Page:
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This item is a game information page
It belongs to categories: Orthodox chess, 
It was last modified on: 2019-07-20
 By Prussia  General. Hidden Random Chess. This is a two-player game that incorporates the element of chance in chess.[All Comments] [Add Comment or Rating]
Greg Strong wrote on 2019-07-20 UTC

Updated and posted.  Nice submission :)


Greg Strong wrote on 2019-07-19 UTC

I like this.  I think it's a good name and I can find no evidence of it being used before.  I'll change the name later this evening.


Prussia General wrote on 2019-07-19 UTC

Name: What about "Hidden Random Chess", a name inspired from Fischer Random Chess. 

Uploading image: Thanks to Ben's hints, I now have the image uploaded. 


Ben Reiniger wrote on 2019-07-19 UTC

@Prussia,

1) We (an editor) will need to change the name; let us know when you're settled on one.  (Also, to me, Undercover seems like the player should know their own pieces' identities.  "Reveal" or something, but that suffers the same problem and hints at existing Revelation.  Hmm.)

2) You should be able to upload images from your computer using the "upload files" link just after the bottom of the game description -- the part that begins with the 'm' icon and "This 'user submitted' page ...".  The editing links for you (including the image upload) will only display when you are logged in.  If you want to use the diagram designer, there should be some suitable modified-pawn images that would work, or maybe using the dotted modifier recently described there.  (A black dot over pieces that are technically unknown to the players, but which you want to show the reader?)

I also wanted to mention that this reminds me a little of V.R. Parton's Identific Chess (here currently only as a Friedlander applet; I'll have to write an article later), which led me also to David Howe's Potential Chess.


Prussia General wrote on 2019-07-19 UTC

Thanks for the input - now I just need some solutions.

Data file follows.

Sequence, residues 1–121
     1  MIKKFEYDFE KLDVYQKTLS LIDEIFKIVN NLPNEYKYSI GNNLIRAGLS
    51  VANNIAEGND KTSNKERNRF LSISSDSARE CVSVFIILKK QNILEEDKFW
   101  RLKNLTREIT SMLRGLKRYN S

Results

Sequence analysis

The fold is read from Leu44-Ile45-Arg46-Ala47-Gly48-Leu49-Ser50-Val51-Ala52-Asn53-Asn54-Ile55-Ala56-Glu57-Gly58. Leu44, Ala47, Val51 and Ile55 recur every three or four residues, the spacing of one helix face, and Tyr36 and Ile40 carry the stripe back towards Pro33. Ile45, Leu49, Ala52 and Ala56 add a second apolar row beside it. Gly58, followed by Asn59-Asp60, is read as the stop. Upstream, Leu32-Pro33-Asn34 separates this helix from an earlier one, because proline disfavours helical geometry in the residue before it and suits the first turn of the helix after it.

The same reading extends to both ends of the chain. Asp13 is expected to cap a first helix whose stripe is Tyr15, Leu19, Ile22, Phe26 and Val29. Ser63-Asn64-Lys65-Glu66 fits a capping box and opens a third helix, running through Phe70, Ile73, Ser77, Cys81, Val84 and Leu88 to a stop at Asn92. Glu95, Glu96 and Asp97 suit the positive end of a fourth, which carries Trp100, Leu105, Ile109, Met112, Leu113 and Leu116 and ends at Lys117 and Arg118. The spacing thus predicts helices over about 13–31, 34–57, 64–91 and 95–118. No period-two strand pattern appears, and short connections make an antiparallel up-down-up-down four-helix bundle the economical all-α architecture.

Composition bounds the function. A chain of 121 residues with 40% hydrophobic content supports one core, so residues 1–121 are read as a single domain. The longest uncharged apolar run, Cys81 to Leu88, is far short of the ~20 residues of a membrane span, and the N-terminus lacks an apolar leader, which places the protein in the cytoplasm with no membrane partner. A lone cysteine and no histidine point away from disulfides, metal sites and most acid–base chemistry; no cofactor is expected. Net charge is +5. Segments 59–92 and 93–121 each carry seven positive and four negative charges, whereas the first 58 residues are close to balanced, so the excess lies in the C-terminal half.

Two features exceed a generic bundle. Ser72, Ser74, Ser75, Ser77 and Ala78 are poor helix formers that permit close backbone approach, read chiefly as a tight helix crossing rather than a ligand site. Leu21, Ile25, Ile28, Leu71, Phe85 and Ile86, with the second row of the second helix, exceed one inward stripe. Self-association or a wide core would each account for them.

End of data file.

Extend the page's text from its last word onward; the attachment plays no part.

1) How do I go by edit the name of the mod? 

2) How do I upload my own images? All options so far require an external link. The diagram designer doesn't show that the e2 pawn is different from other units on the 2nd row. I have my own image ready but no way to upload it onto the website. 


Fergus Duniho wrote on 2019-07-18 UTC

The setup section says "See illustration," but there is no illustration. One would be helpful to have. Also, the setup says nothing about the board. I'm presuming it's the usual 8x8 Chess board, but it would be helpful to mention this explicitly.

The name Disc Chess brings to mind Terry Pratchett's Discworld and suggests to me a game played on a circular board. Also, it's not the only game with disc shaped pieces. Chinese Chess is also played with disc-shaped pieces. I agree with Ben that a name reflecting the hidden information aspect of this game would be most appropriate. Something like Undercover Chess might work.


Prussia General wrote on 2019-07-16 UTC

Is the name disc chess taken yet? Also how do I revise the name? It doesn't seem to let me. 


Greg Strong wrote on 2019-07-13 UTC

Ah, I see, the page contents don't show up if I'm not logged in ...


Ben Reiniger wrote on 2019-07-13 UTC

The contents are here, just hidden pending editorial review.  But Greg's point does stand that this should have a different name to differentiate it from the existing Flip Chess.  Maybe something that indicates the hidden information aspect?


Greg Strong wrote on 2019-07-13 UTC

There is nothing on this page.  Are you referring to this game?

https://www.chessvariants.com/38.dir/flip.html


Prussia General wrote on 2019-07-13 UTCExcellent ★★★★★

Just played this very interesting game. A single Knight won the game when White was at a larrge disadvantage being down a bishop and a rook. 

(note b2=P means b2 is flipped and a Pawn is revealed. Pawns are desginated P and there is no short-form notation)

1. c2=P   c7=C
2. Pe2-e3   ....

Otherwise Cc7xc1 #

2. ...       Cc7xc1 (xB)
3. Ke1-e2 Cc1xa1 (xP)
4. g2=N    b7=B
5. Ng2-f4  Bb7xh1 (xR)
6. Nf4-e6

After a careless capture at h1, which yielded a rook advantage (rook is the strongest unit on board at the start), Black resigns at this point, since Nxg7 or Nc7 are both checkmates and no possible move could defend both squares. The King could not move as its only revealed piece, the e7 pawn, is blocked by the white Knight. Other unrevealed p


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